Critical limb ischemia (CLI) is associated with high morbidity and mortality. In untreated individuals, mortality has been estimated to be as high as 54% after only one year.1 CLI is caused by inadequate arterial blood flow to the extremities and is often associated with multilevel atherosclerotic disease with long chronic total occlusions (CTOs). Treating chronic total occlusions is technically challenging due to a variety of proximal and distal cap configurations and mixed lesion morphology.2,3 These lesions are often long and cross multiple vascular beds. CTOs are difficult to address, but we can successfully treat patients by employing strategies such as exotic access and crossing techniques, and the utilization of a variety of tools. It is also important to plan for the typically long duration of these cases, and to exercise patience with the process. The case herein utilizes a personalized approach for access, crossing, and treatment in order to achieve the best outcomes for the patient.
A 66-year-old man with a history of tobacco abuse, bilateral carotid artery disease, coronary artery disease (CAD), diabetes mellitus, hyperlipidemia, hypertension, and peripheral arterial disease (PAD) presented with necrosis on the left great, second, and third toes. The patient was classified as Rutherford 5.
Angiography revealed that the superficial femoral artery (SFA) was occluded in the proximal segment with a short nub (Figure 1) and reconstituted in the mid segment by the profunda collaterals (Figure 2), before becoming reoccluded shortly thereafter and reconstituting in the distal SFA by the profunda collaterals (Figure 3). The P1 and P2 segments of the popliteal artery were patent, but the P3 segment had a short occlusion. The posterior tibial artery and peroneal artery also were patent.
A 6 French (Fr), 45 cm sheath was placed at the level of the left common femoral artery (CFA) from a right contralateral, retrograde CFA access. An .018 inch × 90 cm NaviCross microcatheter (Terumo) and a .014-inch Victory wire (Boston Scientific) were used to cross the CTO of the SFA, but entered a subintimal plane. The patient was prepared for direct left SFA access. An 18-gauge needle, stiff Glidewire (Terumo), and NaviCross microcatheter were used to gain ipsilateral, retrograde access of the left SFA. The CTO was crossed successfully with the stiff Glidewire. The stiff glidewire was switched with a .014-inch, 40 g Astato wire (Asahi Intecc). A 5 Fr, angled DAV catheter (Cook Medical) was then inserted via the right CFA access, and the Astato wire was maneuvered into the angled DAV catheter (Figure 4). The Astato wire was externalized through the “flossing technique” out of the contralateral femoral access. Percutaneous transluminal angioplasty (PTA) of the SFA lesion with a 4 × 150 cm balloon (Cook Medical) was performed through the contralateral retrograde access and exchanged for a.035-inch Quick-Cross catheter (Philips). A Runthrough wire (Terumo) was placed alongside the Astato wire and was extended past the SFA access site.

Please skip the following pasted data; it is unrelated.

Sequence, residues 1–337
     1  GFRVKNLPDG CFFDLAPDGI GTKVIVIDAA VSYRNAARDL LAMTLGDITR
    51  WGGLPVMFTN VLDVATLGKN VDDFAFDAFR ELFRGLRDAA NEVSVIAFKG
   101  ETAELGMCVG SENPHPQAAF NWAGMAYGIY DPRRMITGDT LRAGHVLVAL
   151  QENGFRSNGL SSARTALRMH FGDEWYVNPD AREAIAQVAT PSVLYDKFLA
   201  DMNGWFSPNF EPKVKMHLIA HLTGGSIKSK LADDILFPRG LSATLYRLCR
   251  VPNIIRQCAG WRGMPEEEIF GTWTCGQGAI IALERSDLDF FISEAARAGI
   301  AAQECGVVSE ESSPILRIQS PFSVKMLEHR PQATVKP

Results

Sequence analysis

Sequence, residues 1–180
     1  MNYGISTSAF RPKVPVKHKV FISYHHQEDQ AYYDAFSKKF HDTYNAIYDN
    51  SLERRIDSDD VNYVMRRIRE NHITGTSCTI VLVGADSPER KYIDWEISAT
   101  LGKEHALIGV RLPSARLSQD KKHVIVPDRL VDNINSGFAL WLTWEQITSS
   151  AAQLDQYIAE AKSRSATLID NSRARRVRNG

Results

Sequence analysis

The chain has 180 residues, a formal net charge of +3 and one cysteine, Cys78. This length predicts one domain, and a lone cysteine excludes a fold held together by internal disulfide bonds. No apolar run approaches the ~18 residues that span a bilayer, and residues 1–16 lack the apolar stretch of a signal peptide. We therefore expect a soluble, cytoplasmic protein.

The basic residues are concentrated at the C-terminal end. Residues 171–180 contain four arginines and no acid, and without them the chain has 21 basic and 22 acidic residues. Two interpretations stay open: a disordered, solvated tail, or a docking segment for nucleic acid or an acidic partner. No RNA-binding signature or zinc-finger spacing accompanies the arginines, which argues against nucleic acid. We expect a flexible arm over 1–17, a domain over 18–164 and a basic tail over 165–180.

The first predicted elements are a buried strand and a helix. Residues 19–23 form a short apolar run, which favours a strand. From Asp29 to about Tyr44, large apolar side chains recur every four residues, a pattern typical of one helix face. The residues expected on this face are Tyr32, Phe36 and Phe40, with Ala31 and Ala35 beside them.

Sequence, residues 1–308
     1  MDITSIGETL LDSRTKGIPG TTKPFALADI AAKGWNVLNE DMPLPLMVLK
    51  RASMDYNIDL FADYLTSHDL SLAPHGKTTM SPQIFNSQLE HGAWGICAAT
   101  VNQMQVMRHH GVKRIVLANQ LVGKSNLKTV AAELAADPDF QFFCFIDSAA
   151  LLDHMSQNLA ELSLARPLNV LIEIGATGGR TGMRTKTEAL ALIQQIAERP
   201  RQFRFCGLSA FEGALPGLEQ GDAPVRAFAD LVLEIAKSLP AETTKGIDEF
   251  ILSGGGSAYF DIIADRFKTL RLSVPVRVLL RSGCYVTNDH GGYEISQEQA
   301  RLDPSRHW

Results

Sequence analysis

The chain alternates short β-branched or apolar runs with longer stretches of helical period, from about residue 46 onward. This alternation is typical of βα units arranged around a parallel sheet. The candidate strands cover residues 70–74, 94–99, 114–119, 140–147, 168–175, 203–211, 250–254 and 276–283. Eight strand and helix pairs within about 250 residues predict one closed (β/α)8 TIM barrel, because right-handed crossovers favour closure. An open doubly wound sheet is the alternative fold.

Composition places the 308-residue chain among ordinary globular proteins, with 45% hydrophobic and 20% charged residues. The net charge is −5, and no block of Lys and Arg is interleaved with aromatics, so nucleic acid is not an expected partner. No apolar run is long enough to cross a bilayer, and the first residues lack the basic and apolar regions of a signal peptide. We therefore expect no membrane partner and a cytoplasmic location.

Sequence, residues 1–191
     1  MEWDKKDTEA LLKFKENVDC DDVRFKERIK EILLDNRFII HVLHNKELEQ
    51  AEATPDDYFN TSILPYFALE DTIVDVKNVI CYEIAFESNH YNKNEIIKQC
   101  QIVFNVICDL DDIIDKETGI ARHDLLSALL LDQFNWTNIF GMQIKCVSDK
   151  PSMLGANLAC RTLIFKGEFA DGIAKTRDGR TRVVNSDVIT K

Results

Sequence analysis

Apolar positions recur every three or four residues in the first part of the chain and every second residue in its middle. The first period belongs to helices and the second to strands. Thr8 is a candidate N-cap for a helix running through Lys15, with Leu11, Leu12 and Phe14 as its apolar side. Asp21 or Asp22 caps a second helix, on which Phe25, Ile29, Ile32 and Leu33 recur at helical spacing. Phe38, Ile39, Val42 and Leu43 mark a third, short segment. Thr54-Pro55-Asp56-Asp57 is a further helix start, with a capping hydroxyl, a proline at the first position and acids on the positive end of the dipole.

Internal tamponade of the left SFA access site was performed using a 4 × 150 cm Advance PTA balloon (Cook Medical) for 180 seconds, while removing the direct SFA access and Astato wire (Figure 5). We then turned our attention to the mid-SFA occlusion. An 18 g Victory wire (Boston Scientific) was used to cross the lesion, followed by a 3 × 40 mm, .014-inch LP balloon (Cook Medical), followed by a 5 × 200 mm Armada balloon (Abbott) to dilate the lesion (Figure 6). A dissection occurred in the SFA and popliteal arteries (Figure 7), so we placed a 6 × 250 mm Viabahn covered stent (Gore Medical) from the ostium to the distal SFA, and a
6 × 100 mm Zilver PTX stent (Cook Medical) was placed distal to the Viabahn covered stent, resulting in <10% residual stenosis and successfully tacking up the dissection (Figure 8). We then addressed the 99% distal popliteal/tibioperoneal (TP) trunk stenosis (Figure 9). We performed PTA of the TP trunk stenosis with a 4 × 28 mm Coronary Trek Balloon (Abbott), bringing the 99% stenosis to <20% residual stenosis (Figure 10) and improving the two-vessel flow to the foot (Figure 11).
CLI is a complex disease that requires a multifaceted treatment approach, and high levels of technique and expertise.4 Major strides have been made in the technology and tools associated with the treatment of CLI and have influenced patient outcomes. The case presented above illustrates the importance of understanding access techniques, crossing fundamentals, and treatment techniques. Each case of CLI is unique in the level and location of occlusion, and requires a personalized approach for effective treatment. This case demonstrates the importance of physician knowledge of tools, as well as patience, since CLI interventions are often long and complex. An assortment of wires, balloons, and stents were utilized to cross and treat multiple lesion sites and ultimately restore blood flow to the left great, second, and third toes in order to heal the wounds. The wounds healed over a period of 3 months.
Disclosure: Mason Nagel, BS, has no disclosures. George L. Adams, MD, MHS, FACC, is a trainer and consultant for Cook Medical, as well as a consultant for Abbott Vascular.
Manuscript submitted November 5, 2019; accepted November 7, 2019.
Address for correspondence: George L. Adams, MD, MHS, FACC, Rex Hospital in Raleigh, North Carolina, and the University of North Carolina in Chapel Hill, North Carolina. Email: firstname.lastname@example.org.
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